Table 1 Clinical characteristics of patients from ICGC and cBioPortal database

PPI network of mutant genes

The top 200 most frequently mutated genes were selected to construct a protein-protein interaction network (PPI). We performed a PPI network-based analysis using STRING database to determine whether the mutated genes functionally interacted with each other and were involved in tumorigenesis. The networks were also visualized using Cytoscape, which contained 108 nodes and 182 interacting pairs (Fig. 2a). The top hub genes with the highest clustering included TP53, PIK3CA, KRAS, NRAS, PTEN, ANK2, SPTA1, ANK3, and ARID1A (Fig. 2b).

Fig. 2
figure2

Protein to protein interaction (PPI) network and functional enrichment pathway of mutated genes. a PPI network of mutated genes; b nodes with an edge of > 20 were considered hub genes; c Gene Ontology analysis. Top 30 enriched terms in GO. Cellular component (CC); biological process (BP); molecular function (MF). d KEGG analysis of mutated genes. The 30 significantly enriched KEGG pathways. Circle size indicates gene numbers, and color represents adj. P-value. Frequencies of major genetic mutations in the enriched pathways are shown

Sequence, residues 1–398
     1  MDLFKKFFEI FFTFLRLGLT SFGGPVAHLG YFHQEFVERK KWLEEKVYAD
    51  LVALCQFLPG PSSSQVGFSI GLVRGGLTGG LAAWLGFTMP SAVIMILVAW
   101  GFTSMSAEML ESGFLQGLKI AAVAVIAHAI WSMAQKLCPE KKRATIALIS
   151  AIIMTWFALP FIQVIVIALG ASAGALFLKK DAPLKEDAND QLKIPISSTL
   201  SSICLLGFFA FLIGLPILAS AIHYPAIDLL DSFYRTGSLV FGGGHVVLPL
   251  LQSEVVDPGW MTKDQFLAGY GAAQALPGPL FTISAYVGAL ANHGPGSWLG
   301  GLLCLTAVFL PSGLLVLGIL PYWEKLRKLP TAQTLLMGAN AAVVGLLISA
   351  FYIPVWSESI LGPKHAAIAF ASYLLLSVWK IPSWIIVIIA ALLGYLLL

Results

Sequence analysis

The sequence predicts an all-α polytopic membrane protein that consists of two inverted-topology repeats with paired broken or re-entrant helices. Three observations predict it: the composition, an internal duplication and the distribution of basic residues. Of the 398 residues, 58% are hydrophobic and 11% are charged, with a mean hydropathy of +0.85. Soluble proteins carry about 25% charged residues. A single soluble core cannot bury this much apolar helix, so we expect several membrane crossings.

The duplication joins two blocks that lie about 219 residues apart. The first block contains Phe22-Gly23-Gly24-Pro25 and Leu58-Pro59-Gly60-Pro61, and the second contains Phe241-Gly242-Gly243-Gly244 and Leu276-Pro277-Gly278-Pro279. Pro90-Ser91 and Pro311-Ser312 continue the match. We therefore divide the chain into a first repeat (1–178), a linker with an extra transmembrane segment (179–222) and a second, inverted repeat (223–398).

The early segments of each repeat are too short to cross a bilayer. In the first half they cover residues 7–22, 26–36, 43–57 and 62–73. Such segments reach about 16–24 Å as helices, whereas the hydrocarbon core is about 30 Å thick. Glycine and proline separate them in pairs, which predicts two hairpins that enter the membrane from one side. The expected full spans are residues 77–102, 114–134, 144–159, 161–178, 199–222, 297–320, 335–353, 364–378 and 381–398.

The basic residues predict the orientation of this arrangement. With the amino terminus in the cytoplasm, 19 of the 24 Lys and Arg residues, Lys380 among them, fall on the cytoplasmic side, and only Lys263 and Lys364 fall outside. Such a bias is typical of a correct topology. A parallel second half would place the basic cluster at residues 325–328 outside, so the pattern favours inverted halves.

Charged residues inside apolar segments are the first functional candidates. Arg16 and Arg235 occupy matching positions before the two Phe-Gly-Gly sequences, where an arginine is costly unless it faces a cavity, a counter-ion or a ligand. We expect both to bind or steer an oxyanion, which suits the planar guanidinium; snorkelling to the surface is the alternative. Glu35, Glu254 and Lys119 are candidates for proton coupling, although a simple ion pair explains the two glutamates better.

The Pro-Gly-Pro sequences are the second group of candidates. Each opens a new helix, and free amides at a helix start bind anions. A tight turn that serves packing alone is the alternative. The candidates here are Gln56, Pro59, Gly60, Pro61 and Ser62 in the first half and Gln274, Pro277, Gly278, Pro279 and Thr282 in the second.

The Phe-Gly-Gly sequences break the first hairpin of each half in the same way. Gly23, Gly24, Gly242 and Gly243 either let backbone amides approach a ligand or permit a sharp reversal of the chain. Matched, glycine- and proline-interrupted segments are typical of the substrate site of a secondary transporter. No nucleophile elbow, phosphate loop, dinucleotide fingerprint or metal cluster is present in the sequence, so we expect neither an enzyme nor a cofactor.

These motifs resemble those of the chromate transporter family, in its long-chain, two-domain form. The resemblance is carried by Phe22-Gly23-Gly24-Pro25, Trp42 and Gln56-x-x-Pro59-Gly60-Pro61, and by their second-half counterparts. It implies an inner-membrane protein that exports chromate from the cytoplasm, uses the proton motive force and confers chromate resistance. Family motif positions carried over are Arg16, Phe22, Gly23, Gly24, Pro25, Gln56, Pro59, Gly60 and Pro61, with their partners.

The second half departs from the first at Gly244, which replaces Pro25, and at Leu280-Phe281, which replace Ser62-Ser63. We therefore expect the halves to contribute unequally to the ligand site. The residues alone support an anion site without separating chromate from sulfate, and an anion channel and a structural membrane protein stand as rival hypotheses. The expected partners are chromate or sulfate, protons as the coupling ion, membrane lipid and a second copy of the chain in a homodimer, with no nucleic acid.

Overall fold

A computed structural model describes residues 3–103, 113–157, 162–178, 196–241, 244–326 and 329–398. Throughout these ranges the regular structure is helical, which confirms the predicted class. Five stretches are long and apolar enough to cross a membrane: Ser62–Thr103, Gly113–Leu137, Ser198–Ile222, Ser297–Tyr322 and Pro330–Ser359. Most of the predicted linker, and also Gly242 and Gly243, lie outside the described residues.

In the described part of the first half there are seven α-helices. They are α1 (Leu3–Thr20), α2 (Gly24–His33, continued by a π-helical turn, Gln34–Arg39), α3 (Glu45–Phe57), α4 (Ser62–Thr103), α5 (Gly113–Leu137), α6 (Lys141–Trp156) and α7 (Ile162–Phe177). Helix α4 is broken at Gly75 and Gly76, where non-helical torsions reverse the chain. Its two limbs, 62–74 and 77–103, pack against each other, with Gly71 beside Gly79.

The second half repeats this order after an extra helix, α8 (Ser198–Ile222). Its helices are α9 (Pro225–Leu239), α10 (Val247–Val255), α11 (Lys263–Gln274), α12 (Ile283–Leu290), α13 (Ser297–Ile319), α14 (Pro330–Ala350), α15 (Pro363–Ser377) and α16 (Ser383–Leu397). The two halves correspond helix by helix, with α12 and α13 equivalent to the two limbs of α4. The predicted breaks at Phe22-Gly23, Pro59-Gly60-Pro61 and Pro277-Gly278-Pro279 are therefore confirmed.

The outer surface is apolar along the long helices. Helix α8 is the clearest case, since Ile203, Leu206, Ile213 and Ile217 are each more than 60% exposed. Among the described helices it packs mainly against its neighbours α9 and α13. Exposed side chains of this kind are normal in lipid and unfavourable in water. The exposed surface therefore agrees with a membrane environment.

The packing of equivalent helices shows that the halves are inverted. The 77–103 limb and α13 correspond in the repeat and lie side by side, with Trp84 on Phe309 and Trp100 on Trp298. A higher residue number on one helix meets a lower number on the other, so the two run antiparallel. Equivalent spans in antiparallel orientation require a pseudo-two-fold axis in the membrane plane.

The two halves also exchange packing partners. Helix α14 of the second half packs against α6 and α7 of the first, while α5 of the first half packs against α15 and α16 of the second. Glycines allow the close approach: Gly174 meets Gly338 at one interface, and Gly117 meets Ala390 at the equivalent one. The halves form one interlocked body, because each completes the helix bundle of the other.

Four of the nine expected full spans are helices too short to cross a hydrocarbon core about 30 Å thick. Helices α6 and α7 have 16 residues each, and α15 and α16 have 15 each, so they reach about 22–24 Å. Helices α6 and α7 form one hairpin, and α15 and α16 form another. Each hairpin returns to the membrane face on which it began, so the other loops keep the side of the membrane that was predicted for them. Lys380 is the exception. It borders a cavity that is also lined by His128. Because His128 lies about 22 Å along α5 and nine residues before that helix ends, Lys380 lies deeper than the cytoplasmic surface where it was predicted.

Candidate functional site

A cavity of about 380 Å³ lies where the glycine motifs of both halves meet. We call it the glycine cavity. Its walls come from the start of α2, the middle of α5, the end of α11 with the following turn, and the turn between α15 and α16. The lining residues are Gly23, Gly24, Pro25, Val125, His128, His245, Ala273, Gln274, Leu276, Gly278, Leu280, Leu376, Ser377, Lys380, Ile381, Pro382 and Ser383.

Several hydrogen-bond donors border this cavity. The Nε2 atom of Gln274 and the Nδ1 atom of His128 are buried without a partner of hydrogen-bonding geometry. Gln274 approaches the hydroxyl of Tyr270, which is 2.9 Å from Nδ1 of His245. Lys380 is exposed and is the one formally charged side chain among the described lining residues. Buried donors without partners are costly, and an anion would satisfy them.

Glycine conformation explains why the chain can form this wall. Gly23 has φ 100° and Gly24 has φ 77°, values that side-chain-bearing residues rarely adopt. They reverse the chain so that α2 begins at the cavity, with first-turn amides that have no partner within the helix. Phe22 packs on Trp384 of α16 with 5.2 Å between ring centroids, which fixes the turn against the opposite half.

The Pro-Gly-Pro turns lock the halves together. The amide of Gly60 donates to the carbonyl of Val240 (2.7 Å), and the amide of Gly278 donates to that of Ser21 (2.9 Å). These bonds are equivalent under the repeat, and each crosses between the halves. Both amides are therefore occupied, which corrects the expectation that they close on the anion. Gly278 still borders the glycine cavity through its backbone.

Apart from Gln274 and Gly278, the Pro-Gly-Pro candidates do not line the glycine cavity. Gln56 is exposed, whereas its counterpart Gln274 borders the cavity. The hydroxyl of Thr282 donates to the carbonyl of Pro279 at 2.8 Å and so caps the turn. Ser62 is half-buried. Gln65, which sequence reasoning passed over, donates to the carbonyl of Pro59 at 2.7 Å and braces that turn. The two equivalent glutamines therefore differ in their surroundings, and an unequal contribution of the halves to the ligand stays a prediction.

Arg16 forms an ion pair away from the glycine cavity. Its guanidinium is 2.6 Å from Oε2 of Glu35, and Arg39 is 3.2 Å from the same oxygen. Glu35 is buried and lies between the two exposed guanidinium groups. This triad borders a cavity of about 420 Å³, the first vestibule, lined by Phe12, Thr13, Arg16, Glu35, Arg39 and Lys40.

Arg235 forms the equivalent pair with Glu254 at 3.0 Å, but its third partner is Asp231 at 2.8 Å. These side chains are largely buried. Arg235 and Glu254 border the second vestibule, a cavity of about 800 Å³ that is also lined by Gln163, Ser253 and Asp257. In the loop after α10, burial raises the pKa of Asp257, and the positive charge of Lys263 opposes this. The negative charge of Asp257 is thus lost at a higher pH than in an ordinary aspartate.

Functional pathway analysis of hub mutant signature

We used the R software package to perform a functional pathway analysis of the top 300 mutant genes. Figure 2c shows the top 30 enriched GO terms associated with regulation of signaling in multicellular organisms, ion transmembrane transport, and transmembrane transporter complex and ion-gated channel activity. In addition, KEGG pathway analysis demonstrated enrichment of mutant genes in several signaling pathways involved in malignancy, such as the PI3K-AKT, MAPK, proteoglycan, and calcium-signaling pathways. We also expanded the pathway to include major genes from the enriched pathways (PI3K-AKT, MAPK, Cellular senescence and apoptosis pathway) (Fig. 2d).